Langston Hughes, whose literary legacy is enormous and varied, was closeted, but homosexuality was an important influence on his literary imagination, and many of his poems may be read as gay texts.
The writers of the Beat Generation, many of whom were gay or bisexual, endorsed gay rights as a part of their rebellion against inhibition and self-censorship.
The Comedy of Manners, which flourished on the Restoration stage, has been particularly amenable to twentieth-century gay male writers as a vehicle for social satire in both dramatic and nondramatic works.
Using his and his family's experiences, particularly his childhood in Raleigh, North Carolina, and his own wacky perspective on life, David Sedaris has become a world-famous humorist, comedian, writer, playwright, and radio personality.
From the great modernist writers of the 1920s and 1930s to the pulp writers of the 1950s to the lesbian writers of today, lesbian novelists have had a powerful impact on the lesbian community.
From its beginning, the nineteenth century in England had a purposeful homosexual literature of considerable bulk, both male and female, though it was fettered by oppression.
Persecuted for his homosexuality by the Castro government he had once championed, Cuban novelist, essayist, and poet Reinaldo Arenas challenged all types of ideological dogmatism.
Baudelaire was among the first French poets to include lesbians as subjects.
Activist Jace Woodrum blames the Republican leadership for the filibuster.
While North Carolina voters enshrined discrimination into their constitution, Colorado Republicans filibustered a civil unions bill into oblivion.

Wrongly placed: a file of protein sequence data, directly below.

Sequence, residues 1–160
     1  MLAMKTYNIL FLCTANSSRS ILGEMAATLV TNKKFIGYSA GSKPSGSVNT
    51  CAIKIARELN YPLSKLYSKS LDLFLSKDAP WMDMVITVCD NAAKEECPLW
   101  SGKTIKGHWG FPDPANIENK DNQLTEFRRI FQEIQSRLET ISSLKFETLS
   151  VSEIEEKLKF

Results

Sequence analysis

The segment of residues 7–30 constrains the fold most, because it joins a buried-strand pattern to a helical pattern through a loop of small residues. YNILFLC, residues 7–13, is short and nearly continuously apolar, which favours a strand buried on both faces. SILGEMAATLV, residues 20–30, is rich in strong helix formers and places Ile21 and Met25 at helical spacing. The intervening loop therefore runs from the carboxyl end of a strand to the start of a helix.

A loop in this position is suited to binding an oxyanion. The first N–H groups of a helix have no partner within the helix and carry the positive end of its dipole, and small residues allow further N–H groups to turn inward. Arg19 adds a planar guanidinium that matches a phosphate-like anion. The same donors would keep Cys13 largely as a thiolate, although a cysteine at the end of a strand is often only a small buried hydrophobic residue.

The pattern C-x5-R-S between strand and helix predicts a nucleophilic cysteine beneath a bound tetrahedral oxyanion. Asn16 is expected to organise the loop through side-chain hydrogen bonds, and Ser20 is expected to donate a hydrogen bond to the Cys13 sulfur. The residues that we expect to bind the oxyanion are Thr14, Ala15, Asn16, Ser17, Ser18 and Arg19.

As Lynn Bartels reports in The Denver Post, Colorado's civil unions bill, which passed by the Senate last week, was unexpectedly voted out of a crucial House Committee on May 2, 2012 and seemed to be on its way to adoption in the House.
However, conservatives who believed the bill would die in the Judiciary Committee for the second year in a row were enraged by the turn of events and lobbied Speaker of the House Frank McNulty and House Majority Leader Amy Stephens to use every procedure to kill Senate Bill 2.
Consequently, McNulty and Stephens simply stalled, and finally time ran out. The bill died on the House calendar on May 8, 2012, taking down more than 30 other measures with it. Republican Speaker of the House Frank McNulty abruptly adjourned the House as Coloradans watching in the gallery started chanting: "Shame on you! Shame on you!"
Throughout the evening, Governor John Hickenlooper, a Democrat and a supporter of gay rights, worked with legislative leaders to try to break the impasse, briefly meeting with McNulty outside the speaker's office.
The civil unions bill had to be debated Tuesday in order to qualify for a vote today on the final day of the session.
At least five Republicans had publicly said they support the measure, meaning that had it been voted on, it would have passed, which is why the conservatives resorted to the filibuster.
Democratic Senator Pat Steadman of Denver said that the Republican who filibustered the bill "have brought dishonor and ill repute to the House. They ought to be ashamed."
At a rally at the capitol before the vote, Jace Woodrum, deputy director for One Colorado, the state's largest gay rights group, said, "No matter what happens today or tomorrow, the unspoken truth in this whole debate is we will win."
"Whether it is today or tomorrow or next year or the next, we will win. Gay and lesbian couples in this state will have full protection under the law. We all know it, and everybody in this building knows it," she said.
In the video below, Woodrum explains what happened and blames the Republican leadership for the filibuster.
UPDATE: According to Colorado Springs television station KRDO, Governor Hickenlooper has announced that he will call a special session of the legislature to resolve the civil unions bill, as well as several other bills that were left pending.